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A medal-winning former Paralympian footballer has been banned from being a director by the charities watchdog after an investigation revealed a disability charity he founded paid £1million raised by the public to businesses run by him and his wife.

The Charity Commission has said Matt Dimbylow, 51, who represented Britain’s sevens side football team at the 2008 and 2012 Paralympics, and Paralympic World Cup medalist, was guilty of gross misconduct and breach of trust public.

Of £6m raised for the Dream It Believe It Achieve It (DIBIAI) charity through a lottery scratch card scheme, £1m has been donated to businesses run by Dimbylow and his wife, Emma Dimbylow, found the commission.

A further £4.2m was spent on fundraising costs, including payments to an anonymous private lottery operator. Only £300,000 was spent on charitable purposes.

“The public expects trustees to ensure that charitable funds are always carefully managed in the best interests of their charity and the cause they serve, in this case supporting children and people disabled by sport. Instead, the Dimbylows abused the trust placed in them as trustees,’ Charity Commission Investigations Officer Amy Spiller said.

The commission concluded that there had been a significant breach of trust within the charity, while its failure to resolve conflicts of interest had resulted in the couple receiving an “unauthorized financial advantage substantial” that was not in the best interests of the charity.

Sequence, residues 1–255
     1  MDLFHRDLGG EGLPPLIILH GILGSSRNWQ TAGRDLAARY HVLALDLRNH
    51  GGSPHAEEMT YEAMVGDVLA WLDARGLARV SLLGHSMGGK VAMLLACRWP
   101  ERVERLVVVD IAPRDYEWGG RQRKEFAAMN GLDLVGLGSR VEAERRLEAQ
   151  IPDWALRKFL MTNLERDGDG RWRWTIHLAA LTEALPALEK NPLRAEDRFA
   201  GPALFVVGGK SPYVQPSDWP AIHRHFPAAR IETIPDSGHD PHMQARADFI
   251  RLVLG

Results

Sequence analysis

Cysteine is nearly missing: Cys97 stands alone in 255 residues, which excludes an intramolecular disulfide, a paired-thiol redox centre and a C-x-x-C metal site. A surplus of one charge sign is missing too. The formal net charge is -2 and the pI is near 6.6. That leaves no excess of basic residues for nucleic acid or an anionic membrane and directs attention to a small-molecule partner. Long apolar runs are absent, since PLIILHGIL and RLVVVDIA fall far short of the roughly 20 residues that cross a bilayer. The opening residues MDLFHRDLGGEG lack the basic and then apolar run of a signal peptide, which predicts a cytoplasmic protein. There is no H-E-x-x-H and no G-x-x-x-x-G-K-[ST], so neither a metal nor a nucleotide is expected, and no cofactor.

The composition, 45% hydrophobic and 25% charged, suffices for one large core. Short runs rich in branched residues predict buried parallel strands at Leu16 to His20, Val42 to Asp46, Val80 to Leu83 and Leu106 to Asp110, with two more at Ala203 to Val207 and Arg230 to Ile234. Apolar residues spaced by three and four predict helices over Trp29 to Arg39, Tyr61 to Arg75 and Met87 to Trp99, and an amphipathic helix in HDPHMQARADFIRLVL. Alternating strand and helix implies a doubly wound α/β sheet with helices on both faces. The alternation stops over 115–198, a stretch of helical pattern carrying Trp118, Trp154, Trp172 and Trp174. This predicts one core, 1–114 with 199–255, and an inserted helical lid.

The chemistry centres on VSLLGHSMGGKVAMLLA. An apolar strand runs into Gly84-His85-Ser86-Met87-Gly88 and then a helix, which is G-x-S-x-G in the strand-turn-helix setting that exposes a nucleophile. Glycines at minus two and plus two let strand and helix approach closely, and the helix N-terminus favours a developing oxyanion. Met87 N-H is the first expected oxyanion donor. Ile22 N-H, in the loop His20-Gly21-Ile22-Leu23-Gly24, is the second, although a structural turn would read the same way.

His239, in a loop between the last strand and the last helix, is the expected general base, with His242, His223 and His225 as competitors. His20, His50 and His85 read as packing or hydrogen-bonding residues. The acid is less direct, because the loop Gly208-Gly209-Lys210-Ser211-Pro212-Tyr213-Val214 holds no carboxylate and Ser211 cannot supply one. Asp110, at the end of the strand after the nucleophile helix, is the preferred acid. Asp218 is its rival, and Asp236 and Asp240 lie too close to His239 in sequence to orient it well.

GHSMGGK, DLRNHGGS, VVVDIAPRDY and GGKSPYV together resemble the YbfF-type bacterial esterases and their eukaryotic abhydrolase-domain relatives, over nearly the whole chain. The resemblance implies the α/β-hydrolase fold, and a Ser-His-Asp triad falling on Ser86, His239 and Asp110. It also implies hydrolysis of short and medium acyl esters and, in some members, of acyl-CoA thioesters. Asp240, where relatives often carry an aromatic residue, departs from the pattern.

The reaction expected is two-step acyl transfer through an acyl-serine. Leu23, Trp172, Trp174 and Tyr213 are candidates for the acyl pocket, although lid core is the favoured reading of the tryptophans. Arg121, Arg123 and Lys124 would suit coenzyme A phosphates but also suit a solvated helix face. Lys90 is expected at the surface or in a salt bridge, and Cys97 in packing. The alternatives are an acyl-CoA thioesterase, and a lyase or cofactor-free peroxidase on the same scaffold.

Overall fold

Dimbylow – described as the ‘driving force’ of DIBIAI – has been permanently banned from being a director, while Emma Dimbylow has signed an agreement promising not to act as a director again. The charity is in the process of being liquidated and any remaining funds will be donated to another disability sports charity.

Matt Dimbylow got involved in the Paralympian game after a head injury in 2003 triggered a brain condition similar to Parkinson’s disease. He also captained the England cerebral palsy football team and was inducted into the National Football Museum Hall of Fame alongside Alan Shearer, Michael Owen and Patrick Vieira in 2013.

He registered the charity the same year, and the commission concluded that he planned to “extract funds from it”.

He said he intervened early on to stop him, as trustee, paying himself an £80,000 salary. He later amended the charity’s governing document to allow it to pay for businesses owned by himself and his wife.

The commission began to formally investigate the charity in 2017, and Matt Dimbylow was removed as trustee two years later. Some of the funds paid by the charity to the Dimbylows’ businesses were later recovered by the commission through the courts.

While the investigation was ongoing, the commission said it had taken steps to restrict more than 30 bank accounts held in the charity’s name to prevent payments from being made without approval. of the regulator. Although the charity fundraising regulator has reviewed the actions of the lottery operator, no action has been taken.

The watchdog criticized two other anonymous trustees of the charity, who it said were insufficiently independent and failed to hold the Dimbylows accountable for their actions.

“Their lack of oversight and control created an environment where the charity’s funds could be misused,” the commission concluded.

The commission said it hoped its regulatory action against DIBIAI would “send a powerful message to others who may be tempted to use charity in this way”.

Matt Dimbylow and DIBIAI have been approached for comment.

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